It’s over 30 years since this autobiography was published, but Michael Meyer’s “literary and theatrical memoirs” are still of great interest, especially to those interested in mid-twentieth-century drama. He found little success as a creative writer (plays, novel, poems), but as a biographer and translator of both Ibsen and Strindberg he achieved worldwide success. His Ibsen biography was especially praised (George Steiner: “A major achievement”) while his translations at the time of this book’s publication were “on average…staged or broadcast somewhere in the world every four or five days.”
Book ReviewIvo de Figueiredo, Henrik Ibsen: the Man and the Mask. Yale University Press, 2019 Michael Meyer’s 1971 Ibsen has long been regarded as one of the finest literary biographies. It has taken a brave writer to write a new one. Thirty-five years’ distance was needed before Ivo de Figueiredo took up the challenge. And it has been another dozen years for this new biography (actually published as two books in 2006 and 2007) to be translated into English. Extending over 642 pages, de Figueiredo’s work is nothing short of magnificent.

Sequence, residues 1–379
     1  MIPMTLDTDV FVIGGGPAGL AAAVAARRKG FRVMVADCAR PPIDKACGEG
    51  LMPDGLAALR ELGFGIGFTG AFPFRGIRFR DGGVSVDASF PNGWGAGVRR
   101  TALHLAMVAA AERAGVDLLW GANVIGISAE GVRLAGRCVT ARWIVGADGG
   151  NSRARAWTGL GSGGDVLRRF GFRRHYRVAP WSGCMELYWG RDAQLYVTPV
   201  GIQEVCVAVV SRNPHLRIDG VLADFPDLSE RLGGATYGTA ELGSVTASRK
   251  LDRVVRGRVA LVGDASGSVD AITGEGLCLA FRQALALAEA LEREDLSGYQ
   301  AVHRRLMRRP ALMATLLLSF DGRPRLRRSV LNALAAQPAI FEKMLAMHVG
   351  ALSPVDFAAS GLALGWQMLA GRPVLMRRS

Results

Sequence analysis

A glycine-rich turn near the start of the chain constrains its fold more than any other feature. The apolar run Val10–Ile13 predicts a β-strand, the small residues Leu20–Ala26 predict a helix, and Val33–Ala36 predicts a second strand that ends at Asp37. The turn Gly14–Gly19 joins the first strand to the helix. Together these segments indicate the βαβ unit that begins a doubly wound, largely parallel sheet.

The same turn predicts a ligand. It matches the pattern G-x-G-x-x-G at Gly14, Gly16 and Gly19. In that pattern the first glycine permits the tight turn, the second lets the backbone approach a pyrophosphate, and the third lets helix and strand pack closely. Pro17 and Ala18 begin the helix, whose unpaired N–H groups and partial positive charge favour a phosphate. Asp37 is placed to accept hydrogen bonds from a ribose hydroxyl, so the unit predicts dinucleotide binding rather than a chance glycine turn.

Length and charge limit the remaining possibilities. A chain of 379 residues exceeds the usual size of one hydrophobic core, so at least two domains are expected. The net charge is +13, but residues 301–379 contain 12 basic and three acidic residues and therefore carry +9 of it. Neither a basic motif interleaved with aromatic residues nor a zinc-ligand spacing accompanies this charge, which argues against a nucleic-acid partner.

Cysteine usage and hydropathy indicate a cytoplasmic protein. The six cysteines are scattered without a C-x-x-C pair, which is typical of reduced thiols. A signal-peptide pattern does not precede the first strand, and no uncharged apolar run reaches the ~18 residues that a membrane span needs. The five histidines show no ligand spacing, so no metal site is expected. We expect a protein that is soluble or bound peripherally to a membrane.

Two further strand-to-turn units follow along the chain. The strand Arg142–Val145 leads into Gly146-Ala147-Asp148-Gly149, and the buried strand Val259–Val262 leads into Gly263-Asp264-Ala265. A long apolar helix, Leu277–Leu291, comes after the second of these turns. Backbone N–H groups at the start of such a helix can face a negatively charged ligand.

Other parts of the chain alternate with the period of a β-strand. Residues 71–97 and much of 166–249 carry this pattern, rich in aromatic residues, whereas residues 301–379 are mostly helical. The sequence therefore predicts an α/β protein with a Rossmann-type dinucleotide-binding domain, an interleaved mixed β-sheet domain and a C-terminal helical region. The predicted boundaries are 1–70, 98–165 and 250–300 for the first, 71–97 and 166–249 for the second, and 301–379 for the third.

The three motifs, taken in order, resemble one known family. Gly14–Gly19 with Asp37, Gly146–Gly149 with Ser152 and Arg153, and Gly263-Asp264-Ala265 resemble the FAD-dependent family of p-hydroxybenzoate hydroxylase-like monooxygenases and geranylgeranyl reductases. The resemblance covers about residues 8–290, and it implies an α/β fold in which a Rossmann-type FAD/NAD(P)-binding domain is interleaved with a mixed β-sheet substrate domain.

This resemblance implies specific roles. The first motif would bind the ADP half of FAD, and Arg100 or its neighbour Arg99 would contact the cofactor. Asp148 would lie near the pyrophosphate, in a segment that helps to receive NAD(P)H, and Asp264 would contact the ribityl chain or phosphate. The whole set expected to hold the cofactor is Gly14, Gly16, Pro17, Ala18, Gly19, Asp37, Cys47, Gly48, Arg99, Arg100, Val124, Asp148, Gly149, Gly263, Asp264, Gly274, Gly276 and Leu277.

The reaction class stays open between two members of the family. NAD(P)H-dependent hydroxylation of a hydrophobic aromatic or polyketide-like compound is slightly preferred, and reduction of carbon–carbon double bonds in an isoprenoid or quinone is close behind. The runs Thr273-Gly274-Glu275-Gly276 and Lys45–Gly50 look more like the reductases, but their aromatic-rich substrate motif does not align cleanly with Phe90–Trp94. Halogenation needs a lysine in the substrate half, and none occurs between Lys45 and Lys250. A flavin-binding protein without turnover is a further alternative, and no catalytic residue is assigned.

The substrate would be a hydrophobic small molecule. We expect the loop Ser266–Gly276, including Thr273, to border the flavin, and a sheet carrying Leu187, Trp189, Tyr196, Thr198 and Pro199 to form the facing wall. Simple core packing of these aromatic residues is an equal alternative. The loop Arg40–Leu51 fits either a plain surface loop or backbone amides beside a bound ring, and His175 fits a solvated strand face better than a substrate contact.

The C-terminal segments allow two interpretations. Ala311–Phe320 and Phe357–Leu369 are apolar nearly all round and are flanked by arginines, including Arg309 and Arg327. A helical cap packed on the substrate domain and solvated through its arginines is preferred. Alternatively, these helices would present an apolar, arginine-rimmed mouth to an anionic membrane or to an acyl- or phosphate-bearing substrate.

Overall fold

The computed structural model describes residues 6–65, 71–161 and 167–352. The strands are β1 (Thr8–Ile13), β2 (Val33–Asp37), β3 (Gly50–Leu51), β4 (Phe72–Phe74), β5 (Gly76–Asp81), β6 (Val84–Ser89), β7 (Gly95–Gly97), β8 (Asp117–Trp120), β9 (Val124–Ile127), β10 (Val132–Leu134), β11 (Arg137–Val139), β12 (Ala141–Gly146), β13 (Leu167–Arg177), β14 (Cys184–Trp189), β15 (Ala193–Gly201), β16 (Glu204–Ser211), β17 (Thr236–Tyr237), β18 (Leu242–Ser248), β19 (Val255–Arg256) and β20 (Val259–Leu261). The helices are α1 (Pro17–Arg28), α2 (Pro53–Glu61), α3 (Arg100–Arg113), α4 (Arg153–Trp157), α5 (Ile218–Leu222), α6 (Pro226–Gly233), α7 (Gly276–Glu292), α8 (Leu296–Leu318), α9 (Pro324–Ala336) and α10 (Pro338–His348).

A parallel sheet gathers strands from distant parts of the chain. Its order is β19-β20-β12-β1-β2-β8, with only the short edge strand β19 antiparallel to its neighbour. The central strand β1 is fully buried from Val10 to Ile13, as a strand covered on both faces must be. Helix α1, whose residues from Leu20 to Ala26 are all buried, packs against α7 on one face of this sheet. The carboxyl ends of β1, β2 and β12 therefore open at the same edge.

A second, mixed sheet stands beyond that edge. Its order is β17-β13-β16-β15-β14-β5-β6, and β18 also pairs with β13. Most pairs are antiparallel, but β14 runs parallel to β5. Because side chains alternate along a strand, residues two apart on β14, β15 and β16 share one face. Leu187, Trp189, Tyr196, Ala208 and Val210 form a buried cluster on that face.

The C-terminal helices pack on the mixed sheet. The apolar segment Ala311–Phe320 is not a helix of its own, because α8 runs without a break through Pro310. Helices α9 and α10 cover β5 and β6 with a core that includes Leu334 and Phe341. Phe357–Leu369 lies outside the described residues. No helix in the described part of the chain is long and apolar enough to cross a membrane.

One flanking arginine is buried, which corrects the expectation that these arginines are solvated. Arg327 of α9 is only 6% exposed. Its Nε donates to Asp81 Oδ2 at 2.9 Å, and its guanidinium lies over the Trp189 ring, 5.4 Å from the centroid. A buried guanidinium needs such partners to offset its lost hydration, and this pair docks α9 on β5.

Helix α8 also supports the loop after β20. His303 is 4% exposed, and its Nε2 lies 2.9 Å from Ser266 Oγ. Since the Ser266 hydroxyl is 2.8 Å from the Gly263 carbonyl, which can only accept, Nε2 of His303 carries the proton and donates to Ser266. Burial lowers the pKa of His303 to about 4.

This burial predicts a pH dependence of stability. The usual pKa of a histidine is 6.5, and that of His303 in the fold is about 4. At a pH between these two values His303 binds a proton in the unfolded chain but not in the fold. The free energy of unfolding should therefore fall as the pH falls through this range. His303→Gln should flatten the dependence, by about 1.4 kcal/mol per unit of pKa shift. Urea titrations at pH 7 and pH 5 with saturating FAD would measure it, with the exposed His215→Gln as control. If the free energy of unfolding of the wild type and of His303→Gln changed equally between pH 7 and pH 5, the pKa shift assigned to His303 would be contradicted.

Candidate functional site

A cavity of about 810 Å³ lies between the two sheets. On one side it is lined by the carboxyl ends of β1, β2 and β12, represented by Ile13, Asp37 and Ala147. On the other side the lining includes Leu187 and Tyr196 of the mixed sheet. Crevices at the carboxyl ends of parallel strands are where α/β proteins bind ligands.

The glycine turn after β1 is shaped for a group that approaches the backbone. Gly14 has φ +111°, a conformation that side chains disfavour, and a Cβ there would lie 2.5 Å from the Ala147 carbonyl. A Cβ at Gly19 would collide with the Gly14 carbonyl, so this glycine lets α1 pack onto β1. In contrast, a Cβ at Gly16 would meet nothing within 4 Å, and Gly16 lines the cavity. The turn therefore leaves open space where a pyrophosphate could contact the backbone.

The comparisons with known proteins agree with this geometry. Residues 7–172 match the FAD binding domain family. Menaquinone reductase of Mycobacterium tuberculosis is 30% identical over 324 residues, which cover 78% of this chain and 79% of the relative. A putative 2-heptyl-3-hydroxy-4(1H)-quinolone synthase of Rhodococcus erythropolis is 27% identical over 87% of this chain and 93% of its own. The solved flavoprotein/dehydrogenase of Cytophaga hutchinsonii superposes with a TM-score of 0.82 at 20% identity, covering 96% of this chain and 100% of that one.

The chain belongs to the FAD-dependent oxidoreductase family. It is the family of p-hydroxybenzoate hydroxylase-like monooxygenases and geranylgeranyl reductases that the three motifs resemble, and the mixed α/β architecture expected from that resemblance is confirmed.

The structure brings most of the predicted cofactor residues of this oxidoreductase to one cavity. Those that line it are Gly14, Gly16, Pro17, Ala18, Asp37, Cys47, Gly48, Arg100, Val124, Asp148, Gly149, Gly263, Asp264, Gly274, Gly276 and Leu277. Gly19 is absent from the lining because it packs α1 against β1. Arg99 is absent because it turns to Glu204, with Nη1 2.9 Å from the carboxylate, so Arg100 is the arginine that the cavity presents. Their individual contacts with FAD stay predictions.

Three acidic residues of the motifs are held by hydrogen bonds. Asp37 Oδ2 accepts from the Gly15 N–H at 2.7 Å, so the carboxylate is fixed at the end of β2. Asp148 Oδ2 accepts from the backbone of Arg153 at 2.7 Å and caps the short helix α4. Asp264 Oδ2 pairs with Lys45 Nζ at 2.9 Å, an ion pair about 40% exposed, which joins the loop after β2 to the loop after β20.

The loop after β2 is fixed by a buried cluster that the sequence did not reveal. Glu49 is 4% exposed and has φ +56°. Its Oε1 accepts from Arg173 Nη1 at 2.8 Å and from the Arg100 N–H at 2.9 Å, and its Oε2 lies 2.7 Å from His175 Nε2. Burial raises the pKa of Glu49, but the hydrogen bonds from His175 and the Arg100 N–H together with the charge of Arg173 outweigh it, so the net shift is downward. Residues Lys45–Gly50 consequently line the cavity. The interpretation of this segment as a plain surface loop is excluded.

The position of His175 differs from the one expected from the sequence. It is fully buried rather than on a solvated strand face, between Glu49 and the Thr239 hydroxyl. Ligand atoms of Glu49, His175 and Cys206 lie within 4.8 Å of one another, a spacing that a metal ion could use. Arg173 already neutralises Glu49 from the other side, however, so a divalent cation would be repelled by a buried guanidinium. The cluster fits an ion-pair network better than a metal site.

Laurence Olivier, after attending Ingmar Bergman’s 1968 production of Hedda Gabler at the World Theatre Season at the Aldwych Theatre, invited the Swedish director to produce Ibsen’s play at London’s National Theatre two years later. Surprisingly, because he was well known for refusing to direct outside Sweden, Bergman accepted. Robert Stephens recounts Bergman’s explanation of how he came to accept: “This man Lord Laurence is a warlock. I didn’t want to do it. We went to lunch and on the way to the Grill I was saying no, and on the way out I was saying yes. He’s a Warlock.” (Knight Errant, p. 106)